Figure 1SMOS In Memory Architecture

3. IN MEMORY DATABASE TECHNOLOGY In memory database technology is not new; it is widely deployed in enterprise wide Supervisory, Control And Data Acquisition (SCADA) systems and is in extensive use in telecommunications and financial systems. Some mobile phone operators use systems containing in memory database technology to maintain a real time picture of their mobile network so that calls can be routed correctly in real time. In a Pay AS You GO application, in memory technology is used to resolve real time requests to check a customer’s prepay balance prior to enabling or barring the customer from making a mobile phone call. Some financial systems use the simple linear scalability of the in memory technology to ensure that an order is processed before a stock price changes; all orders for a stock are processed within a consistent time frame regardless of the number of orders being placed. Typically these applications are deployed on off the shelf hardware in a resilient, dual redundant, hot standby configuration.

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SMOS In Memory Page 4 of 6 Oracle’s TimesTen database resides entirely in memory; an advantage of this architecture is that it does not have to perform some of the tasks a conventional enterprise database typically performs such as writing data to disk and managing buffer caches. This results in a simpler technical architecture that requires fewer CPU instructions to process the same amount of data as a conventional relational database, this manifests itself as faster processing times for the same number of transactions. In our SMOS In Memory implementation we optimise a combination of performance and resilience, we ensure the TimesTen transactions are persistent and recoverable; data is always available in memory even after hardware failure. To achieve this we sacrifice some performance by periodically writing log files containing all the relevant transactions to disk. SMOS In Memory supports load balancing and hot standby, it is fully integrated with bi-directional data replication to and from our meter data management Oracle database.

4. Benchmark Testing In Collaboration with Oracle UK REM is an Oracle technology partner and has recently participated in the TimesTen 11g Beta Programme. Following the completion of the development programme and the general release of TimesTen 11g; REM completed the development of its SMOS In Memory product and arranged with Oracle to execute a Smart Meter Message Processing benchmark test. The testing was performed jointly by technical teams from both REM and Oracle at the Oracle UK Enterprise Technology Centre in July 2009. The benchmark testing was conducted on two identical HP Proliant servers; each with 4 dual cores AMD Opteron CPU’s and 16GB of RAM. Redhat Enterprise Linux 4 (64 bit) operating system was used on both nodes. SMOS and Oracle are Operating system independent. SMOS In Memory including Oracle TimesTen 11.2.1.2.0; 64-bit; was installed on one node with the log files residing on a RAID-0 SAN. SMOS including Oracle 10.2.0.4.0 64-bit Enterprise Edition was installed on the second node with the data files residing on a RAID-0 SAN. The nodes were connected to the SAN via a fibre channel connector each node formed part of a private Gigabit LAN. Prior to commencing the Smart Meter Message Processing benchmark tests, to gain an understanding of the performance limits imposed by this hardware configuration, the standard TimesTen Online Transaction Processing (OLTP) benchmark tests were executed. These standard tests contain a combination of selects and updates and were run against a table containing 1 million rows of data with the following results: •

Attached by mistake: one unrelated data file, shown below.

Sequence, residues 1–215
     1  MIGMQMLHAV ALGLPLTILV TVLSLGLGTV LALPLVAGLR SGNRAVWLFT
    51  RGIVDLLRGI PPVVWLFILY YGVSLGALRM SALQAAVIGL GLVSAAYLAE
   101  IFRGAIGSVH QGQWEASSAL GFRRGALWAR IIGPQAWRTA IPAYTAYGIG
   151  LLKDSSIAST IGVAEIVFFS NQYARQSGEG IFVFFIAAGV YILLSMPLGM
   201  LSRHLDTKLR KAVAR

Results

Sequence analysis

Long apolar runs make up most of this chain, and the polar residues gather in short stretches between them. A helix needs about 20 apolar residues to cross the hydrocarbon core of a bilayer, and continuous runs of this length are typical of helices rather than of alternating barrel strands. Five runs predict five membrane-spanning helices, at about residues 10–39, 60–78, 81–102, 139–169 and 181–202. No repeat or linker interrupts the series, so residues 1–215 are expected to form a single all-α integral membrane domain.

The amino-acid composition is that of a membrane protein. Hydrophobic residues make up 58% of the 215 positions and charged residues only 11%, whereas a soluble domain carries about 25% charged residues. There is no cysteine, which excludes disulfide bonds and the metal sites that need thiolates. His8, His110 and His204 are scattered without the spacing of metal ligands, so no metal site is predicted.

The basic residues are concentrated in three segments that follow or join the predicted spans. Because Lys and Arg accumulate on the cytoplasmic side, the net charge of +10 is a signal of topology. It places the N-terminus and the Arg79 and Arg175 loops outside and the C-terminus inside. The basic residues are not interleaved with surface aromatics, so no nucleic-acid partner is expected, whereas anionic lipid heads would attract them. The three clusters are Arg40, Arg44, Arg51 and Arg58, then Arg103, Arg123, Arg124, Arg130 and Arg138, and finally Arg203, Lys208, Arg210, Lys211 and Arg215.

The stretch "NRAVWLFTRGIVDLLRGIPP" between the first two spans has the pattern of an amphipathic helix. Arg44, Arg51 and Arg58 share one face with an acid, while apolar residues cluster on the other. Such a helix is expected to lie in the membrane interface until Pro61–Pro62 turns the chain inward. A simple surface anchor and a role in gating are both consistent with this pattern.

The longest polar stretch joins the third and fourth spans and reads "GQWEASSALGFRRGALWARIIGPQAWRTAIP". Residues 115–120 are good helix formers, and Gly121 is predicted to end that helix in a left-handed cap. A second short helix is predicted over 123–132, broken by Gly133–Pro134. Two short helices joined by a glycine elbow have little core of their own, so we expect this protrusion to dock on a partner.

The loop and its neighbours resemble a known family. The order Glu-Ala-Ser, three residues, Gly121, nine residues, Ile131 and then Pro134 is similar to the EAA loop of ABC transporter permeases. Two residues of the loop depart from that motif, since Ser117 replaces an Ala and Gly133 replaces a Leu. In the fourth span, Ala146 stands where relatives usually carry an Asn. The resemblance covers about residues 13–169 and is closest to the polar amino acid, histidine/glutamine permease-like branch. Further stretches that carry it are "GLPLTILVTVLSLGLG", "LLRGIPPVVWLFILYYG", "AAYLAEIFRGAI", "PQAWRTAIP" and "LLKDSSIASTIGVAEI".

for queries a peak of over 1.1 million selects per second was achieved;



for 30% updates a peak of over 450k committed updates per second was achieved (updated per transaction);



for 50 % updates a peak of over 380k committed updates was achieved;



for 100% updates a peak of over 200k committed updates per second was achieved.

As shown in Figure 2 below the tests were repeated with up to 7 concurrent connections before the I/O capacity of the SAN began to cause contention. Figure 2 TimesTen OLTP Benchmark

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The SMOS In Memory and the SMOS Standard Edition nodes were tested in exactly the same way. Each node stored the Meta Data for 0.5 million meters and had 0.5 million daily messages queued ready for processing; each message included the total active positive energy, the total credit (to simulate prepayment meters) and 48 half hourly time of use consumption records; resulting in a total message size of approximately 100 bytes. Each SMOS configuration was tested with a variety of concurrent processes until the best message processing rate for each configuration was obtained. Performance tuning to remove contention, hot spots and bottlenecks was performed between each run to improve the results. Memory usage for SMOS Standard Edition never exceeded 7GB and the memory usage for SMOS In Memory never exceeded 6GB. The following message processing rates were achieved: •